When Terry and Tyra Johnson got married five years ago, they decided to play an active role in managing their family finances. When it came to budgeting, the Yardley, Pennsylvania, couple refused to take a “set-it-and-forget-it” approach; instead, the Johnsons agreed to regularly review the amount of money flowing in and out of their home.
One of the first big changes Terry made: “We used to get large tax refunds at tax time, but later I realized we were just giving the government a tax-free loan,” he says. “I forecasted our taxes for the year with our salaries and based on the deductions I know we’ll have for the year, I adjusted our withholdings accordingly.”
Terry, 31, is an attorney in the labor and employment division at a law firm in Princeton, New Jersey. Tyra, 34, works mostly from home as a coordinator for a background screening company. She is also pursuing a graduate degree in counseling and cares for the couple’s two children, Jeremiah, 13, and Amaris, 2.
Prior to Terry accepting his post in January, he spent about $350 a month commuting to work and his total travel time was more than two hours.
“Some of the costs included train fares, gas, parking fees, and other expenses not reimbursed by my employer,” he says. His commuting expenses now total less than half that, and commuting to work now takes him about 25 minutes each way.
Despite a slight increase in income and the decrease in expenses, with Terry’s new job, the Johnsons are determined to remain on course with their initial financial credo—spend less and save more.
“We don’t believe that bigger income should automatically mean bigger spending,” Tyra says.
With a monthly mortgage payment, credit card debts, car loans, student loans, and two children to care for, their monthly expenses come to roughly $8,000 per month. Even with a combined annual household income of $250,000, the family remains faithful to a frugal lifestyle and to whittling away their outstanding debts. Terry and Tyra formulate a budget each month and often plan one month ahead of time, so as not to get caught off guard by an unexpected bill, Tyra says.
“I write down all of our recurring monthly expenses and any anticipated additional spending for the current month as well as the next one,” says Terry. “We try to avoid putting any purchases on our credit cards that we can’t pay off in the next month or two.” The game plan seems to be working. In 2006, the family had more than $20,000 in credit card debt—stemming mostly from Terry’s seven years of undergraduate and law school. With a rigorous academic schedule at Rutgers University Law School, he could only work a part-time job and relied heavily on credit cards to pay miscellaneous expenses not covered by his student loan or partial scholarship. The Johnsons now have less than $5,000 in outstanding credit card debt and have developed a plan for paying it off by the end of the year. “We always pay on time to avoid unnecessary late fees and pay more than the monthly minimum payment,” explains Terry. They also use what they call “found money” to pay down balances, such as bonus money and income tax returns. “I expect that we will be credit card debt free before 2011 is over.”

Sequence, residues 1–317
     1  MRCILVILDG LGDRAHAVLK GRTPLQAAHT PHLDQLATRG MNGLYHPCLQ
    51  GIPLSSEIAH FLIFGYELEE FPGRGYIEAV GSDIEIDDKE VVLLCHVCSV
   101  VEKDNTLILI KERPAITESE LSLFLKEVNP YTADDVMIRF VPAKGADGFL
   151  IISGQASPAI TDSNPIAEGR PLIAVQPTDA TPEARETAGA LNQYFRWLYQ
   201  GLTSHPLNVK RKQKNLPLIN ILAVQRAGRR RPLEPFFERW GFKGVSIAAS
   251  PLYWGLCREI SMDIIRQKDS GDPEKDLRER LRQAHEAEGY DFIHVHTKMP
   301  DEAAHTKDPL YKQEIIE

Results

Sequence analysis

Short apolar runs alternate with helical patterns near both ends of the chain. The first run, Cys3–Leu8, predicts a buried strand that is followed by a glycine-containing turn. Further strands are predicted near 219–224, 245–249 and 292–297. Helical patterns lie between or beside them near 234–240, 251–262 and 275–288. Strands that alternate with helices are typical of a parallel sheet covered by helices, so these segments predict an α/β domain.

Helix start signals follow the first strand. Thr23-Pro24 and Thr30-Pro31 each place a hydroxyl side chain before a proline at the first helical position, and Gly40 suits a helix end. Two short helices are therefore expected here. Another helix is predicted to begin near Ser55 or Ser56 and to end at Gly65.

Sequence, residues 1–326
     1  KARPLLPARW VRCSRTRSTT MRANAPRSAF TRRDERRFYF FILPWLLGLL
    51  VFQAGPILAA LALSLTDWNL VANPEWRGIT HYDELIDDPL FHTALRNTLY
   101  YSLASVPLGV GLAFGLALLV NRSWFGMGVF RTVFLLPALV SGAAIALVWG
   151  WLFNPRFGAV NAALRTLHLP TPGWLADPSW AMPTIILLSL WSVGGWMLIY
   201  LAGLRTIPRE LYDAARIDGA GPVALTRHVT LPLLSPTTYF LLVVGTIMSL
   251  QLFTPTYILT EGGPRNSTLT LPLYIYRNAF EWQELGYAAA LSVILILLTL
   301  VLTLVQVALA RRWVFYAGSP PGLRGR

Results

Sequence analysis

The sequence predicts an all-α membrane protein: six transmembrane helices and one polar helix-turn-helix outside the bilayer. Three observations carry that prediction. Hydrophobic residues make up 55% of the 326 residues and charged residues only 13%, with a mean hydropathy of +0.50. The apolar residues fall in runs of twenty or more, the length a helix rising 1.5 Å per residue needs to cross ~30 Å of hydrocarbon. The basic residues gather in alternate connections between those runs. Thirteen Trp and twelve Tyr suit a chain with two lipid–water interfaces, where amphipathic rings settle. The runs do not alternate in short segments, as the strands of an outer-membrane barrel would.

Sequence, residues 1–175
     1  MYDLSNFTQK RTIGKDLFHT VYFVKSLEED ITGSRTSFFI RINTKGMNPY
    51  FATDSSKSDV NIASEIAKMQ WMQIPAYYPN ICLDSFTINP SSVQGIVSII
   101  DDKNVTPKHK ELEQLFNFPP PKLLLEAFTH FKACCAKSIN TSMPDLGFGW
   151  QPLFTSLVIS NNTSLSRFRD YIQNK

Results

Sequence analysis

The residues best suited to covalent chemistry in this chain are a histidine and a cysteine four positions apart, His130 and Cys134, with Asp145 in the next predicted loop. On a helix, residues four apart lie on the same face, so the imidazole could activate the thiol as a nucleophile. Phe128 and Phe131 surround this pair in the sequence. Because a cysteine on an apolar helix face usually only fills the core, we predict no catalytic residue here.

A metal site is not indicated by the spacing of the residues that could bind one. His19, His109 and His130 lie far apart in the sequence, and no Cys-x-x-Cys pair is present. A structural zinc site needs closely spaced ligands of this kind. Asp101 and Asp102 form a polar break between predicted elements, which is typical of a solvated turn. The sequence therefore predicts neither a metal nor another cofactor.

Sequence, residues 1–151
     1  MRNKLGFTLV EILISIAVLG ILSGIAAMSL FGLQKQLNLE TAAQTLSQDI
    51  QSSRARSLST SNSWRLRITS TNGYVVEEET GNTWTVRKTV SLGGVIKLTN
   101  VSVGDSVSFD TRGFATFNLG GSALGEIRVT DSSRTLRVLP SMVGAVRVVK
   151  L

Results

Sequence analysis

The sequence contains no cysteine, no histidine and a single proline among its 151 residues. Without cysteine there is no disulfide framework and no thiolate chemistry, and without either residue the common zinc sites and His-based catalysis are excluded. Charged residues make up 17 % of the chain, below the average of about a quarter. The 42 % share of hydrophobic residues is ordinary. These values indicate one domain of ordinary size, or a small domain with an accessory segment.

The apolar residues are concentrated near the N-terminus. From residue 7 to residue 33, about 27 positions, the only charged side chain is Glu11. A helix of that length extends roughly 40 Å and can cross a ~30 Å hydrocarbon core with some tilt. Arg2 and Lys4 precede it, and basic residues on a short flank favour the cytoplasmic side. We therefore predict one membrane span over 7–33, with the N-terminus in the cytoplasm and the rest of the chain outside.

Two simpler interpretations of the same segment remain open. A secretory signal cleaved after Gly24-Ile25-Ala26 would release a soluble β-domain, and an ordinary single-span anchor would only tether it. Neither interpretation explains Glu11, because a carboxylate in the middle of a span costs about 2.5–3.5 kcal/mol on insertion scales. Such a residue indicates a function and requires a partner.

In another early example of cost cutting by the Johnsons, they hired a family friend to care for their daughter shortly after she was born.
“We paid a friend about $125 per week to care for our daughter,” says Tyra. “This was substantially less than what an average daycare center would have cost us.” The family recently placed Amaris in a traditional daycare, which costs about $860 per month compared to other rates that exceeded $1,000 per month.
However, as the family grows, the need for more or enhanced essentials becomes apparent. For example, “Since our daughter was born, we could use a larger SUV to transport her to and from daycare and elsewhere,” Terry says. “We have delayed the purchase until we pay off the two vehicles we already have—which should be later this year.”
As the Johnsons continue to economize, they’ve also postponed some minor improvements to their home—including a backyard fence and some internal decorating that would have cost them around $2,500.
“We want to eliminate most of our debt by the end of this year, and we are committed to doing this,” Terry says.
How They Did It
• Use state-of-the-art software. In tracking their spending habits, the Johnsons use TurboTax software. They also use the Internal Revenue Service website and the paycheck calculator at Paycheckcity.com, at which users can, among other things, determine tax and withholding amounts.
“I was able to adjust my federal withholding amount to coincide with my new salary,” says Terry. Additionally, he is able to accurately amend his family tax liabilities on the basis of changing state and federal tax codes.
• Telecommute to save money. Tyra says working from home is a “tremendous savings” for the family. “Telecommuting provides flexibility and savings for a young, growing family like ours,” she says. “It’s especially significant now that my husband’s commuting costs have been cut in half with his new employer.” Tyra estimates that she saves about $350 a month.
• Delay major purchases. By providing routine maintenance and care on their existing vehicles, the Johnsons ensure that their vehicles will last. “Our decision to delay purchasing a new automobile is inclusive of our budget philosophy and living within our means,” says Terry.
• Give generously, but pragmatically. For the Johnsons, living within your means shouldn’t mean forgoing charitable support for your community or helping those in need. “For us, the key to financial prosperity is adhering to the biblical command to be a good steward of our money—including supporting our church and community while still maintaining a frugal lifestyle,” says Terry. The Johnsons tithe 10% of their income to their church.